Syria raises local wheat purchasing price amid shortage


Syria's government has raised the price it pays local farmers for their wheat to 125 Syrian pounds ($0.2427 at the official rate) per kg in an attempt to encourage planting of the grain for the coming 2016/2017 season.

Syria's wheat harvest nearly halved to just 1.3 million tonnes this year, the lowest in 27 years, as fighting and poor rainfall hit the farming sector and the nation's ability to feed itself.

The new price compares to 100 Syrian pounds a kg announced in June when purchasing of the 2015/2016 wheat crop began, a government source said.

"The rains have been slow to come this year as well and it will affect the quality of the soil for planting but it is too early to tell to what extent yet," the source said.

Syria is facing an estimated shortfall of 838,000 tonnes in its national wheat requirement of 3.845 million tonnes taking into account commercial imports, the United Nations has said.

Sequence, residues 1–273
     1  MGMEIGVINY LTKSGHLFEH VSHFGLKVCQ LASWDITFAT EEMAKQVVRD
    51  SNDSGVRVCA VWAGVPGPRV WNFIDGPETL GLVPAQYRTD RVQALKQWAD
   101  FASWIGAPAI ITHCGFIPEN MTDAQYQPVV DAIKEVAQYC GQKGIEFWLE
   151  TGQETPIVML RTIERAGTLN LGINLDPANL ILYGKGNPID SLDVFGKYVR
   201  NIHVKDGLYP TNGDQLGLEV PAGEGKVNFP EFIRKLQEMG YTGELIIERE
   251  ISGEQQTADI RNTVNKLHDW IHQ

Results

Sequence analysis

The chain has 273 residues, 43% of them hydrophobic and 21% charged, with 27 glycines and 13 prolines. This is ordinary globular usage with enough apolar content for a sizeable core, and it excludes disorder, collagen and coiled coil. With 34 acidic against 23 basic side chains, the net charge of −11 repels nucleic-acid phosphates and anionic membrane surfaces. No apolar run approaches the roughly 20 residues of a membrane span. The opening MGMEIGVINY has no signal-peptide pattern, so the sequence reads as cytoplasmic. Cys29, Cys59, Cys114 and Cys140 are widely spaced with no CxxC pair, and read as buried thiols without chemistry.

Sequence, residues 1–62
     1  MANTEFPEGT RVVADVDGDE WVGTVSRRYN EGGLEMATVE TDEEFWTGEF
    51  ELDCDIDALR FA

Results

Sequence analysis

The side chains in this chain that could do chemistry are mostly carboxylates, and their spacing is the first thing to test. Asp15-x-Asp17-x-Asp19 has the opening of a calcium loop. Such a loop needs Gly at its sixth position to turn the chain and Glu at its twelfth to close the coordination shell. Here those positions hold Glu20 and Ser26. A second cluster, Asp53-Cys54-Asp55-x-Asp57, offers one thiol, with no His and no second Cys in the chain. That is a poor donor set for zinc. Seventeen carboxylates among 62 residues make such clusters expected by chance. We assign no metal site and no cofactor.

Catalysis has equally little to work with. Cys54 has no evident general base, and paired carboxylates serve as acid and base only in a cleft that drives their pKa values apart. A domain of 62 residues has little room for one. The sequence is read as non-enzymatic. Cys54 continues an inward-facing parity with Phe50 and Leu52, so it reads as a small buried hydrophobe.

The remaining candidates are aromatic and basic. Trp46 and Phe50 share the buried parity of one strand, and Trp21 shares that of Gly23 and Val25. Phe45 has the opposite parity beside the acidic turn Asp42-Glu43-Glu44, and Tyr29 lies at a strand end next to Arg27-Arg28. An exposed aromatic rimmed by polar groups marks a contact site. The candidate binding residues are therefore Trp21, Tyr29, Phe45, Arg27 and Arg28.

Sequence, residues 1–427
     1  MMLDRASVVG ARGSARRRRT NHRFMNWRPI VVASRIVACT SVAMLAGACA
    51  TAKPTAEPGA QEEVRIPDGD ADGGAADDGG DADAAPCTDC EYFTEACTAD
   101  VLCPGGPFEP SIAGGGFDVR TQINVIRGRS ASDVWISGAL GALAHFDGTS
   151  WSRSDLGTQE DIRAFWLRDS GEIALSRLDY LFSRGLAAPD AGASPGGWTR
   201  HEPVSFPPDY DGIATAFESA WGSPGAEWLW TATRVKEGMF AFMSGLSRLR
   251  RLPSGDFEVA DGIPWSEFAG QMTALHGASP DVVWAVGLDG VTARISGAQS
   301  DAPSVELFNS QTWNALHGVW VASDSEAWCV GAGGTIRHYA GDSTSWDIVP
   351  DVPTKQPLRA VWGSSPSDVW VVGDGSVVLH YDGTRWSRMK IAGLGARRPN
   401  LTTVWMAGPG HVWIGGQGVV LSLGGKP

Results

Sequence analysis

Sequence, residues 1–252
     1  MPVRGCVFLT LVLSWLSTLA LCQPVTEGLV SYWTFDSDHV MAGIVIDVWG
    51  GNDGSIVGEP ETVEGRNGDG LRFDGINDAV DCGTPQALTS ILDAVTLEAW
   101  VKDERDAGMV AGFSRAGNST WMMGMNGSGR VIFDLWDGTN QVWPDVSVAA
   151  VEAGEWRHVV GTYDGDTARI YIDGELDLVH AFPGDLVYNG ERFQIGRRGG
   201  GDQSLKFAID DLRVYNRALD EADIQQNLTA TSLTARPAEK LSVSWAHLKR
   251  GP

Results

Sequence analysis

State grain buying agency Hoboob said it would buy one million tonnes of Russian wheat from political ally Russia to fill the gap in October but traders have expressed scepticism the purchase would go through as the price cited was too cheap and the firm awarded the contract was little known.

Russia is sending 100,000 tonnes as humanitarian aid to Assad's government.

Before the five-year-old civil war, Syria was a wheat exporter producing four million tonnes in a good year and able to export 1.5 million tonnes.


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